Friday, December 15, 2017

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Sound Check

Sound Check

9/6/2017

No SleepThe Sleepover

“No Sleep”

Independent

I wasn’t exactly sure what to expect on first listen to Des Moines band The Sleepover’s debut LP, “No Sleep.” Two-thirds of The Sleepover is comprised of members of the thrash metal band Dark Mirror, and while you can hear slight similarities to some of the driving sound bassist Marco Battaglia and drummer Clint Blomker bring to that band, it’s singer/guitarist Emery Brown’s lo-fi punk stylings that form the backbone of The Sleepover’s sound.

For the most part, the songs are fast, short and enjoyable. There are moments where things linger just a bit too long. “Dance Devil Dance” and “Glow,” the album’s two longest songs, could use a bit of tightening, while the closing track, “Bodies,” finds the right balance of length and intensity.

There’s nothing groundbreaking about “No Sleep,” but the songs show a lot of promise, which The Sleepover’s live shows deliver on. The tracks are catchy and quirky, with solid instrumentation. It’s a good start, like when the pizza arrives at a middle school sleepover. Now jump to the 2 a.m. Mario Kart races when everyone is on their third two-liter of Mountain Dew. That’s when real memories are made. ♦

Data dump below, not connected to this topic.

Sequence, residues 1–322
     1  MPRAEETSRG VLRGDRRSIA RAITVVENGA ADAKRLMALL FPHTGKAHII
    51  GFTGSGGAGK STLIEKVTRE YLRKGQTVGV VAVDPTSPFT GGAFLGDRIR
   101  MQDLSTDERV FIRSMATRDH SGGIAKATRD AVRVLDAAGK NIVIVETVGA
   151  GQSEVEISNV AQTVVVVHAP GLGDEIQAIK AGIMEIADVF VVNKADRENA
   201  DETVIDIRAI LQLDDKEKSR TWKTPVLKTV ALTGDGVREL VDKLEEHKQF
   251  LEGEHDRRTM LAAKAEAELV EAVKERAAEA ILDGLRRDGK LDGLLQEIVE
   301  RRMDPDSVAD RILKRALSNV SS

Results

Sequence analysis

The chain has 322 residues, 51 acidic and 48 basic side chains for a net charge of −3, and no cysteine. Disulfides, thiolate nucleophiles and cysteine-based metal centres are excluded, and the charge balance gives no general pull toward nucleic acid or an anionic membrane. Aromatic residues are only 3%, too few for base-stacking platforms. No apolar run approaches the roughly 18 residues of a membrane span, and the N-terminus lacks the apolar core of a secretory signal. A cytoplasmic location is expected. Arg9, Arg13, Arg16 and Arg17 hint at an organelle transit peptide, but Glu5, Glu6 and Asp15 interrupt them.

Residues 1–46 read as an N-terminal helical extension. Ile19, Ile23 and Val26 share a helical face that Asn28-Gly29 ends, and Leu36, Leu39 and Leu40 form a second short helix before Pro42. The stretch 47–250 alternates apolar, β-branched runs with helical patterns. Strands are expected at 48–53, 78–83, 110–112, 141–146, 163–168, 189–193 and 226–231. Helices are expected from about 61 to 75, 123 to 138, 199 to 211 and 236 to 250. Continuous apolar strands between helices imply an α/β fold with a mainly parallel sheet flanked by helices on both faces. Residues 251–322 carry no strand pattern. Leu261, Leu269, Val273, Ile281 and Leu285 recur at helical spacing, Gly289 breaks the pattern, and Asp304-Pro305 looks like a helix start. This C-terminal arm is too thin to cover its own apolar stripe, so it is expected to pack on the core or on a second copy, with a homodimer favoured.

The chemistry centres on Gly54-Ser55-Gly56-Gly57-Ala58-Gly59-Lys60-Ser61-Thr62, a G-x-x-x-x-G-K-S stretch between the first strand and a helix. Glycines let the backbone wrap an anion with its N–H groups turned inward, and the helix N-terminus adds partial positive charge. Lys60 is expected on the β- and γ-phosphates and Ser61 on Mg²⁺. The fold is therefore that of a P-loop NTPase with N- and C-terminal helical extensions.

Ames Chamber

 

Science_FictionBrand New

“Science Fiction”

It’s been eight years since Brand New released its last album, “Daisy.” Late last month, the New York group surprised fans with its fifth album, “Science Fiction,” picking up its experimental rock sound right where the quartet left off in 2009.

The opening track, “Lit Me Up,” starts with a recording of a patient recounting a dream, setting a surreal, unsettling tone for what follows. Tracks like “Desert,” “Waste” and “137” paint a picture of a world that seems to be ending, not from reasons that sound like science fiction, but from isolation, hatred and nuclear proliferation. After the summer we’ve had, it feels all too real.

“Science Fiction” is a haunting album that plays to Brand New’s strengths with dark songs that harken back to a time when “emo” referred to lyrical content rather than hairstyles. Hopefully the next album won’t take quite as long. ♦

 

 

 

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